SEADROMES to DOT the ATLANTIC OCEAN (Feb, 1930)
SEADROMES to DOT the ATLANTIC OCEAN
AN experimental model has proved a success, plans are now being made for the anchoring between New York and Bermuda of the first seadrome for ocean flying airplanes and it is the hope of the supporters that as a result such seadromes will eventually dot the oceans providing safe landings for aircraft.
The one-ton steel model of the seadrome was placed in the Choptank River at Cambridge, Md. The model was one-thirty-second the size of the intended dromes. It is essentially a large platform supported by hollow steel columns, each ending in a circular disk. Air in the cylinders supports the platform well above the water and beyond wave action. Speedboats flashed around the model without rocking it and it is expected that the large dromes will not be affected at all by wave action.
The inventor of the seadrome which he calls the “Langley” after the late Samuel P. Langley, designer of one of the first airplanes, was confident of the success of his model. He was formerly a navy engineer and now is consulting engineer for an eastern concern.
After devoting sixteen years to his schemes and experiments for safe sea bases for aircraft he succeeded in interesting the duPont and General Motors financiers in his plans. They have provided Armstrong with three quarters of a million dollars to finance his first seadrome which is now under construction.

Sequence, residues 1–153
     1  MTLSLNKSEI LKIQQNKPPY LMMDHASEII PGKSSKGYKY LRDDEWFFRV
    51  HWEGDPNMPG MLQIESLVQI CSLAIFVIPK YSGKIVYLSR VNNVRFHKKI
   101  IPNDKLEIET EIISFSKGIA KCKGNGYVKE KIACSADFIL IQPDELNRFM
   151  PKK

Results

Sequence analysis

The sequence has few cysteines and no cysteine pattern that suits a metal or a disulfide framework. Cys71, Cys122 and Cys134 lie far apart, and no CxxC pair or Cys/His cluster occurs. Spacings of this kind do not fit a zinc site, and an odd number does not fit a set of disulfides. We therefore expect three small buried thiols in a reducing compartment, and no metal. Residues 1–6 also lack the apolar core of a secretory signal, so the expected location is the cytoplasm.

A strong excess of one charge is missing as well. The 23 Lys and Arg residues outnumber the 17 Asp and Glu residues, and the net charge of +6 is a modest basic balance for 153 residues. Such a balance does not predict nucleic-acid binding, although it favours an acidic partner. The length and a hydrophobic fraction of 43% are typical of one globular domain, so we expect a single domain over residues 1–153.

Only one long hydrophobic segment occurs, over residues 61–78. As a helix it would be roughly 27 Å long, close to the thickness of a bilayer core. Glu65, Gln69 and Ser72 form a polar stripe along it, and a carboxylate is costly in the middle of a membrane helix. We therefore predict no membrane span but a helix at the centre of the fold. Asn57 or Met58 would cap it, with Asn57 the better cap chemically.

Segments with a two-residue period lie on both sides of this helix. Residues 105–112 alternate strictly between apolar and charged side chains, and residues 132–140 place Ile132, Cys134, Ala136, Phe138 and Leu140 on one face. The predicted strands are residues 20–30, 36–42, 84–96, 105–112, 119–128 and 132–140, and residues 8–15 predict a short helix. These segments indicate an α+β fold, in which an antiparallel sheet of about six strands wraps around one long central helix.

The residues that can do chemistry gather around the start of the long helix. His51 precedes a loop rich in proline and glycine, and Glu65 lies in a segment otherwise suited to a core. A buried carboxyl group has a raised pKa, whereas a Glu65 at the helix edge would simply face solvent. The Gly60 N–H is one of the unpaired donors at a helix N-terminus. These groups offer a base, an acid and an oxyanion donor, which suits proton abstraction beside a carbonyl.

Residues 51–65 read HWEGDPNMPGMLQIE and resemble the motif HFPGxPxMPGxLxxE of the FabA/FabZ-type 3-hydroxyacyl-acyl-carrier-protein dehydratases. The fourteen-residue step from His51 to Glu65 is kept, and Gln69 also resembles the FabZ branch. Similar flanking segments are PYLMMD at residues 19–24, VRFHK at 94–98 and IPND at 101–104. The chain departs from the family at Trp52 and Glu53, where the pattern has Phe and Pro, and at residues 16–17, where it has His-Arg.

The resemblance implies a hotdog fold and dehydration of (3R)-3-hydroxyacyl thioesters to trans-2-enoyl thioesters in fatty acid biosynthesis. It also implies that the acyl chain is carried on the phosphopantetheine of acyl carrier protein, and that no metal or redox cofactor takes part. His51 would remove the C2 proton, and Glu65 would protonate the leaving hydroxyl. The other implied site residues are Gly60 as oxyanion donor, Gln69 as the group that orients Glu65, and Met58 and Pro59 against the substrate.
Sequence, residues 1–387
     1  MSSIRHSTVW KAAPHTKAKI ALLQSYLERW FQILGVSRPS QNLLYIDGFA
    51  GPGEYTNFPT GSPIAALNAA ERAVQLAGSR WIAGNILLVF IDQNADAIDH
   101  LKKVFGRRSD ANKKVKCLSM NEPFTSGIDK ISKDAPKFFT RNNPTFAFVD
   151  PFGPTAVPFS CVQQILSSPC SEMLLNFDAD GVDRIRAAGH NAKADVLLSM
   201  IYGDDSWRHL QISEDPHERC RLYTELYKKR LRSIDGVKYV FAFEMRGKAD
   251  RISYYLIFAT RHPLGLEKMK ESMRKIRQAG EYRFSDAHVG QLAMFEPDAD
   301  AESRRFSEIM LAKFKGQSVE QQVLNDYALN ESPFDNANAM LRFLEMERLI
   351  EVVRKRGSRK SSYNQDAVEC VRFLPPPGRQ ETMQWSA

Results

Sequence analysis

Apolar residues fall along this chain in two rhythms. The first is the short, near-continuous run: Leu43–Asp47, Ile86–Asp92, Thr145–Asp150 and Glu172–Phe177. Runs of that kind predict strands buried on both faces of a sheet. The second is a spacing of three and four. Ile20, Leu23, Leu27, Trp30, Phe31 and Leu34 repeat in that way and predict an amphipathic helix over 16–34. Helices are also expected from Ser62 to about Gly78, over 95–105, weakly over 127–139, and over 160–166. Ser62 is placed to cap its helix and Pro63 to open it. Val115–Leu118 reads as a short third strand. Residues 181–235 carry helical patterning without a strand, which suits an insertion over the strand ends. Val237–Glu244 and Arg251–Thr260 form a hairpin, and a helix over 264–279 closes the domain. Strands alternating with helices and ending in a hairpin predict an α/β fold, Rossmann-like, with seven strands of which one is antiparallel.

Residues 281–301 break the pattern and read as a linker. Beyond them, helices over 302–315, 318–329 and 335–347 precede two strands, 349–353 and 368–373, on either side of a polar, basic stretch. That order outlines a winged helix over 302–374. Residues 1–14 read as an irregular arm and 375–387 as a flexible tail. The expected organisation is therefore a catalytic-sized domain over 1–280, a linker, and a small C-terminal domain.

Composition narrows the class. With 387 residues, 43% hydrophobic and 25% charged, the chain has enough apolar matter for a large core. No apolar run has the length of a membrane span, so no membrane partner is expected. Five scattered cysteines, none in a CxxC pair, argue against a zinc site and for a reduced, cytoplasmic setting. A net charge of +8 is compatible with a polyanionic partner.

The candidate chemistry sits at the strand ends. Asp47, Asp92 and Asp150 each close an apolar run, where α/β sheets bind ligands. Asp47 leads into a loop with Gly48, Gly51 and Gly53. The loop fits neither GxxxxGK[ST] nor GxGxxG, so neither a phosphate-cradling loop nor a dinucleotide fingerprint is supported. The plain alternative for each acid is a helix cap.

This seadrome, will have a clear runway 1,200 feet long by 200 feet wide. There will be side rooms or quarters as shown in the illustrations herewith for hotels, hangars and a variety of services. The platform will rise 80 feet above calm sea level. No waves have ever been reported more than 45 feet high so the platform is never expected to be awash. The buoyancy pillars will extend 160 feet below sea level.
The engineer, Armstrong, plans to anchor his first full-size seadrome halfway between New York and Bermuda. He studied hydro-graphic charts of the region he had in mind and calculated that there must be a high place in the ocean floor and with the aid of a navy survey ship he found the location desired some 400 miles from Manhattan and 375 miles from Bermuda in a virtually straight line. The table on the ocean floor is six miles long and four miles wide. It is only two miles below sea level. The surrounding depth is three to four miles.
The difference in depth will make a considerable saving in securing the 3-1/2 inch steel cable which will be laid to hold the seadrome in place. The huge anchors of the round bobbin type will dig into the sea floor and prevent drifting of the seadrome.
Mr. Armstrong hopes to have the Lang- ley completed and in place by next fall before Bermuda’s tourist season begins.
The engineer expects that as the Langley makes financial returns he will construct eight similar seadromes between the thirty-fifth and fortieth parallels and some 375 miles apart between New York and Plymouth, England. The 375-mile distance has been determined upon because it is an easy jump for any airplane and would be sufficient to safeguard trans-oceanic air tourists.
Mr. Armstrong, who is seeing his dream come true estimates that with these seadromes and the servicing made possible by them there will be safe Atlantic air crossings in as fast a time as 20 hours. If his plans materialize as he confidently expects and his experiments would indicate, it is possible that before many years have passed dangers of air travel over the seven seas will have been enormously reduced.